Surviving a Global Pandemic - One year later
A year ago today, Mountain View Public Schools officially shuttered their doors. At the time, they told us, it'll be closed for 3 weeks. Stay tuned for details.
On the first day of the Shelter In Place order, I told my best friend that schools will not be reopening. She was shocked, "how could they not reopen? What will we do???"
And we found out. Like many working mothers, I was thrown into uncharted territory. I still worked (for a major tech company), and now there are 2 kids who will be home with us, all day everyday.
I didn't have time to despair, instead, I sprung into action. Over the course of 2 days I found a part time sitter, who started working for us the day SIP went into effect. A week later her sister was sent home from college, and both worked for us until they left for school.
Heading into this period, I had 3 goals:
1. To keep myself healthy and sane
2. To keep my marriage strong
3. To keep the kids safe and maintain whatever normalcy we can
With clear goals in my head, I set a schedule for myself. I worked out in the early morning, then worked 5 whole hours while we had childcare (#1). In the afternoon I'd be with the kids, prep/cook dinner (and check email when I can). We'd keep the kids home, but [within Covid-safe bounds] let them have as much freedom and agency as possible (#3). And once a week my husband and I would do something that's just for us (#2).
Once we had a schedule, I felt I had a tiny shred of normalcy. It didn't last. The ground kept shifting. As we lost one sitter to grad school, we also gained one of our long-term sitters back. Schedules evolved as our care situation evolved. In July we decided to take a trip to Southern California - our first road trip ever. It ended up being one of the best decisions we made - despite various restrictions, we made the most of the trip and had an amazing time.
After 3 months of Sheltering in Place, it was clear to me that being home was impacting my children's mental health negatively, so I changed course.
We sought out a home-based daycare for the little one and enrolled him. For my older son, after 4 summer camp cancellations and re-bookings, I found two camps that stayed open through July and August.
And once it became clear that public schools would not reopen for the Fall, we quickly decided to form a "pandemic learning pod" with another family whose kids attended the same school. Together with our pod family, we interviewed and hired a teacher, and got the pod up & running, all within 3 weeks. When it became clear that distant learning wasn't working for my son, we pulled him out of public school and he was "homeschooled" by the pod teacher.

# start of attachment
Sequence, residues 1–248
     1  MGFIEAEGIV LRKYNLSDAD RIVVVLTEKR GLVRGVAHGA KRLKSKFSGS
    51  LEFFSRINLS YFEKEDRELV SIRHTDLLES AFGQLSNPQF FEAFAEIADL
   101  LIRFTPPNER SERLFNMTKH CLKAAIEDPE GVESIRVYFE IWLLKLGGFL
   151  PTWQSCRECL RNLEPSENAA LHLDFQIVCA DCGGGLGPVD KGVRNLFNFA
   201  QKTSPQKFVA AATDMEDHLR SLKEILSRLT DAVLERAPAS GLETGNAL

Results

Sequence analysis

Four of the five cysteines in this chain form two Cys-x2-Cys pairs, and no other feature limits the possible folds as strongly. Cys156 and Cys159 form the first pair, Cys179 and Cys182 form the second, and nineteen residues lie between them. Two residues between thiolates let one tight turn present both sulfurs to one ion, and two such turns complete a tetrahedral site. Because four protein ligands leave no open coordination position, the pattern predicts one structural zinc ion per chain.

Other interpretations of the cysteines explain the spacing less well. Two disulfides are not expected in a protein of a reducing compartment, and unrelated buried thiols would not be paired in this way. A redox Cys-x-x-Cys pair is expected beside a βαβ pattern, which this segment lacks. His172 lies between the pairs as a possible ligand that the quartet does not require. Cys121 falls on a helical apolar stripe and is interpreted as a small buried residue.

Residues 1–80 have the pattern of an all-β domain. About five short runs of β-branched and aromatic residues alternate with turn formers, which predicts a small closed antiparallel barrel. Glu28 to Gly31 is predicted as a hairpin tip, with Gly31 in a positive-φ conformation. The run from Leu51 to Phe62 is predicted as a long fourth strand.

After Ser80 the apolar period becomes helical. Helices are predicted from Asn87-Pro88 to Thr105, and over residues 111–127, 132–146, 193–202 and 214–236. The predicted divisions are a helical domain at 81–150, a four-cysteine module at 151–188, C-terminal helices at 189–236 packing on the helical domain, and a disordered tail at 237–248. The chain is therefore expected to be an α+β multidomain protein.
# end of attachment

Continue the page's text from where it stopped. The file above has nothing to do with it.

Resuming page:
In the Fall our pod family announced that they were headed to the East Coast to be with extended family. We decided that the pod would go on break while they're gone. As I diligently looked for alternate care options for my son (there was none), it became very clear that the lack of options is because....he was supposed to be in school. And so, in November I went on Carer's Leave to stay home with my eldest. I ended up finding another family who was homeschooling their children, so he could go there several days a week - enough hours for me to have time for myself and get stuff done.
The pod family then extended their trip, but we decided to bring back the pod teacher early. So there were a few weeks where it was just my son and the pod teacher. When the pod reunited, we had a Covid exposure - my youngest son was tested positive. We then went into "lockdown quarantine" for 10 days, then another 10 days since we were further exposed.
By the end of February things were finally back on track, just in time for us to get an offer for the private school that we applied to. We asked for 2 weeks of transition time to wrap up the pod and to get my son enrolled.
And here we are, back in March. My eldest son will [finally] be returning to in-person school, the same day that his public school closed its doors. The irony is not lost on me.
So, I made it. A full year of non-stop changes, of childcare challenges, of shifting relationships. It wasn't easy, but I'm proud of me. I took on each challenge head on, made adjustments when required, and kept my top 3 priorities.
In the end, my family took 5 trips between March & March, I am still alive and sane, my kids are safe and know they are loved, and my marriage is stronger than ever.
What's your pandemic story? How did you pivot and adjust? Looking back, what were the silver linings? Share your story in the comments, and let's talk!
With our pandemic learning pod family on our last day
with our SIP sitters. One of the sitters stayed with us until September, 2020
With our summer "germ" family. Being able to hangout with two other kids made my kids (and me) SO happy
Ben and I on our weekly "date night." Sometimes in the rain
Our first-ever family road trip to Southern California. We stayed at Tarranea Resort and had the BEST time